Title: The Dichotomy of Angels
Author: N.R. Walker
Publisher: Amazon/Kindle Unlimited
Length: 327 Pages
Category: Contemporary, Fantasy
At a Glance: The most honest compliment to The Dichotomy of Angels I could offer are my tears in exchange for how deeply I was drawn into the story and how much I’d fallen in love with the characters. I adored everything about this book’s message and the way that warm and sweet lesson was delivered.
Reviewed By: Lisa
Blurb: Nathaniel and Chasan are no ordinary angels.
Destiny chose them to be twin flames, fated mates. But Nathaniel has avoided Chasan for nearly a thousand years.
When sent to Earth on a mission to live and work together, Nathaniel comes face-to-face with his destiny. Short-tempered, petulant, and grumpy, he hates the idea of being fated to anyone and has chosen an existence of isolation rather than spending time with the calm, kind, and serene Chasan. But now he has no choice.
One is fire, the other is air; a true dichotomy of angels. Together they will be ignited, or they will be extinguished. This assignment will seal their fate either way.
Review: I wasn’t quite sure what to expect from a pairing of N.R. Walker and a couple of earthbound angels. Of course the story would be romantic, that was never a question, but how would she incorporate them into a concept of Heaven and spirituality, and how would they interact with humans in a place like New York City? Would the story be heartwarming? Heart-wrenching? The simple answer to everything is, successfully and absolutely.
Chasan and Nathaniel have a long and storied history, one that reveals itself through their interactions as well as through the unique bond they share. In familiar terms, they are fated mates. They’re bound to each other through an exceedingly rare twin flame they carry in their hearts, a flame that, should they acknowledge and consummate that bond, would have an effect on all of Heaven. The question, however, is whether it would be a positive effect…unlike the one that came before. And, of course, they both have to accept that their fate is each other. The problem is Nathaniel. How do you solve a problem like Nathaniel? If you’re N.R. Walker, you do it the genre romance way: through a little fake marriage, some forced proximity, and one bed, naturally. But that’s not all there is to this story. There are mitigating circumstances that keep Nathaniel from allowing himself the happiness he longs for with Chasan. He doesn’t believe he deserves peace with the angel he so obviously loves.
One of the things Walker gives such care to in The Dichotomy of Angels is her handling of the realm of Heaven, and within that realm, Hell, as well as the conceptualization of the characters. Rather than the story promoting a single mythos, Walker promotes a broader, relatable message of love, harmony, and that, deep down, the human race is still fundamentally good but with a few bad actors thrown in to keep Nathaniel entertained in his job as the head of Hell Division. For Nathaniel, there’s nothing much more satisfying than a good smiting, so obviously there has to be people who deserve to be smote. I loved that these angels were flawed and emotionally vulnerable, and that they weren’t impervious to mistakes and missteps. The result is that the story promotes a message of love, healing and redemption, through imperfect people, with some of Walker’s trademark humor thrown in with it (Nathaniel’s inability to cuss is like the anti-Jordan from Upside Down!).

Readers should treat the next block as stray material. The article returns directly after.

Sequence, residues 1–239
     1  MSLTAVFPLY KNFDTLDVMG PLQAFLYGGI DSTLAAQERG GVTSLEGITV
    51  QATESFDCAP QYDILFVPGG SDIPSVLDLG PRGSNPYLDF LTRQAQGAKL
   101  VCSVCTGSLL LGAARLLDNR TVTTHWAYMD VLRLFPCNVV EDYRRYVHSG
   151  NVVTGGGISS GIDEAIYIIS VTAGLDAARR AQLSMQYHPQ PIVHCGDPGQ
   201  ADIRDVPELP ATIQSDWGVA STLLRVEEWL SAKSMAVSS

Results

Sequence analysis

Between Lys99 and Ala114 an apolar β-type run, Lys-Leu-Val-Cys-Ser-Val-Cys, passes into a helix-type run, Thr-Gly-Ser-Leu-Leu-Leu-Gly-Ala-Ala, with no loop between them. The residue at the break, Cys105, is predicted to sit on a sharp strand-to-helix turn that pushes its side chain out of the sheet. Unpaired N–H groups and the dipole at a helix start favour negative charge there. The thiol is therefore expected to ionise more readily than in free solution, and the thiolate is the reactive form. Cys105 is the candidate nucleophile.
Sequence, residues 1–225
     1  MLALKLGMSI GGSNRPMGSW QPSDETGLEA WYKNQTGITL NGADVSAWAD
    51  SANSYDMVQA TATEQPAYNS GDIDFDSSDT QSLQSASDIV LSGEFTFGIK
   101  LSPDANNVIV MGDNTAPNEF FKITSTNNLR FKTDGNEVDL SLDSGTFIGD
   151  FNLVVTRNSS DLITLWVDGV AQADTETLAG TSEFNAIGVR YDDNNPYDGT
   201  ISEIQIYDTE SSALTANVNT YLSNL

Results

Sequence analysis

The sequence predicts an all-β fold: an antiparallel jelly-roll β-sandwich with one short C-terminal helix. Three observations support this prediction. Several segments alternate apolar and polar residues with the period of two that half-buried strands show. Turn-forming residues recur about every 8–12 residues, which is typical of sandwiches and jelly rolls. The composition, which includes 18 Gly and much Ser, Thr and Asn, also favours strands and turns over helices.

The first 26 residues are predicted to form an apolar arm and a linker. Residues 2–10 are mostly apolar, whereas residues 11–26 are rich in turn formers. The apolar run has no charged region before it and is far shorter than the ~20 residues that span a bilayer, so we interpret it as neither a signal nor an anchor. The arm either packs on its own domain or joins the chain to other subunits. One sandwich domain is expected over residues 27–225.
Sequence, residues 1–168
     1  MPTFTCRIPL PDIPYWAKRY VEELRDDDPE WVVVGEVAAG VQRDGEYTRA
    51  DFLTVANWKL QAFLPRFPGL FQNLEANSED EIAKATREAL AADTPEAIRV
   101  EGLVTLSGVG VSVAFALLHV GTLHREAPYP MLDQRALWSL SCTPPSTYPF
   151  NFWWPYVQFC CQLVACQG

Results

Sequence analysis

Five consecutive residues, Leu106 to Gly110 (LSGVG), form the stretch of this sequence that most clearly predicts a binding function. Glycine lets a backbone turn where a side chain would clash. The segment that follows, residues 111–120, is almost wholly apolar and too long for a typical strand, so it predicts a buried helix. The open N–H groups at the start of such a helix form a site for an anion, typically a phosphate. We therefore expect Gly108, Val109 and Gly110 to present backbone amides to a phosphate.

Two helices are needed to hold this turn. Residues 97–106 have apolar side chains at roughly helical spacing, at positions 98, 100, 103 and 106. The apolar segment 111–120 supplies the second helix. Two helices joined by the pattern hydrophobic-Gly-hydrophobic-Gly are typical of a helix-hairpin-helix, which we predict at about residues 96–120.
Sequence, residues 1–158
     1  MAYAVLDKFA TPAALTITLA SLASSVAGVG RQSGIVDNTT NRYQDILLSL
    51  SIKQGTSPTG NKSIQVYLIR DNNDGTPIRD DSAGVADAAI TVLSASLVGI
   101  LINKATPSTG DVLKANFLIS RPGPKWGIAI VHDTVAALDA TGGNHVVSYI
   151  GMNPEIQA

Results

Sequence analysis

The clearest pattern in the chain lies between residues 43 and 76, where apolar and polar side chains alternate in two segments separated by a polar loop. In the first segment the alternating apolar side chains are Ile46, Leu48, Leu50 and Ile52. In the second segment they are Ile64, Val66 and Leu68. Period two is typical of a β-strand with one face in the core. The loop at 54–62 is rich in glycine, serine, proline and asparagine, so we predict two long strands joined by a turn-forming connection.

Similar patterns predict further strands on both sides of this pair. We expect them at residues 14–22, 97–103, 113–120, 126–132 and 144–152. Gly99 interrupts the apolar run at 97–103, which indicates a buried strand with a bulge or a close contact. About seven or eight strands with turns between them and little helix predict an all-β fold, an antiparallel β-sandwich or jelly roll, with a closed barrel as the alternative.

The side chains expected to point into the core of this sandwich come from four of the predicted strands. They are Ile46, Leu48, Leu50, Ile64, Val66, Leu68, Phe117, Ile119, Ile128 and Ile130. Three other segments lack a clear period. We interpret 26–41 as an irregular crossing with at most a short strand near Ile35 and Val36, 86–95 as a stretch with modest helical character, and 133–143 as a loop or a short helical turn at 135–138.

Holding all of those things together, though, is faith. And faith happens to be something Nathaniel is in short supply of through much of the story.
The mission Nathaniel and Chasan are sent on places them in a classroom, co-teaching, as husbands, a group of four-year-olds, which may seem a bit of hell on earth to Nathaniel at the outset, but he learns a lot from the experience. He gains something so, so priceless from it too. Add in the dogs—always trust the pups—and it was the perfect mirror to reflect what a caring and compassionate angel, and man, Nathaniel truly is, and that there’s no one who’d ever be more perfect for him than his complementary opposite, Chasan, who is what you might call a godsend in his role as the embodiment of Nathaniel’s kindred spirit.
The Dichotomy of Angels doesn’t read like a 300+ page novel. I read it in a day, that’s how easy it was to sink into. I’d also be lying if I said this story didn’t make me cry a little, so there’s that. There is a turning point in Nathaniel and Chasan’s fate that gutted me a little, even though I trusted that Walker would set everything to rights. It’s the most honest compliment to this book I could offer—tears in exchange for how deeply I was drawn into the story and how much I’d fallen in love with the characters. I adored everything about this book’s message and the way that warm and sweet lesson was delivered.
You can buy The Dichotomy of Angels here:
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